Can a country artificially increase its EEZ by building artificial islands and infrastructure? I am wondering if there's any law on that and if a country could use artificial islands as a way of expanding its territory. Does international law permit this?

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    Well China seems to think so, but so far the US disagrees. Ultimately, it doesn't matter what we think. The famous saying applies here: "Might makes Right." Jun 12 at 18:29

No, apparently not. There are several factors at play.

  • Land reclamation is valid, but not if the starting point is submerged at high tide. i.e. building an island from scratch.

It is clear from the text of UNCLOS that artificial islands are not assimilated to islands under the law of the sea:17 while the term “artificial island” is not defined within the Convention, an “island” is “a naturally formed area of land, surrounded by water, which is above water at high tide.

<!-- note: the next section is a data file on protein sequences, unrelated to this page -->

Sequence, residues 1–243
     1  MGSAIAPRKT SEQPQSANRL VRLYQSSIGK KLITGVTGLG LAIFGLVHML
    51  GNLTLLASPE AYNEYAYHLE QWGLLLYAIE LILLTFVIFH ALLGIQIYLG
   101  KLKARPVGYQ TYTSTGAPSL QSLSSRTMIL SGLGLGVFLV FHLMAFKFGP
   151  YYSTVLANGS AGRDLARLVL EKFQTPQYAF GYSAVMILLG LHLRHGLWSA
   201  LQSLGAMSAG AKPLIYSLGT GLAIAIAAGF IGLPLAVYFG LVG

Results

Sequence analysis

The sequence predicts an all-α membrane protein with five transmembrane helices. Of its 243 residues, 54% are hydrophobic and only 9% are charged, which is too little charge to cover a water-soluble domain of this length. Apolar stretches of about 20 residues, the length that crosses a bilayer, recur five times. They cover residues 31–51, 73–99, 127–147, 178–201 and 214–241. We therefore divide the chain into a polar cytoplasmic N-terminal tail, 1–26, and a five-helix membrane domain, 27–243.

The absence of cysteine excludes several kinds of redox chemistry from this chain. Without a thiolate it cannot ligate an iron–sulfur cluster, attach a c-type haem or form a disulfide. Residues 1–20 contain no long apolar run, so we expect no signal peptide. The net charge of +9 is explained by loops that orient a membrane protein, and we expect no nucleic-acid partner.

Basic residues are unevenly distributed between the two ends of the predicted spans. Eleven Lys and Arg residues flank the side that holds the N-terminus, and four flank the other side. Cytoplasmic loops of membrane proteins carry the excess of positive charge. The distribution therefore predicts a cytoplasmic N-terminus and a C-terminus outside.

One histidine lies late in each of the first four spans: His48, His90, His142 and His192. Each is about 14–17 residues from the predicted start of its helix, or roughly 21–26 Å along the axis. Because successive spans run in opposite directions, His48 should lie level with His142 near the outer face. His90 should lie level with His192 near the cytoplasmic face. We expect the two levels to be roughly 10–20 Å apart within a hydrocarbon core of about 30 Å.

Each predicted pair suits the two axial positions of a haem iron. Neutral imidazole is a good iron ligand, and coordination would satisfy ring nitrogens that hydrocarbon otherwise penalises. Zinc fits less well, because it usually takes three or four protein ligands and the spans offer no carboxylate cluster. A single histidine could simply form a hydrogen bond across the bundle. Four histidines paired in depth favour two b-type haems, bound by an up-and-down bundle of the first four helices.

• Not naming any names, but if the island is being built within another country's EEZ or if the area is being disputed, then the claims get weaker.

UNCLOS specifically has this to say:

  1. Artificial islands, installations and structures and the safety zones around them may not be established where interference may be caused to the use of recognized sea lanes essential to international navigation.

  2. Artificial islands, installations and structures do not possess the status of islands. They have no territorial sea of their own, and their presence does not affect the delimitation of the territorial sea, the exclusive economic zone or the continental shelf.

  • however natural islands may affect these regions, I seem to recall that Iceland expanded its exclusive claim to cod fisheries after Surtsey became a permanent island.
    – James K
    Jun 12 at 19:13

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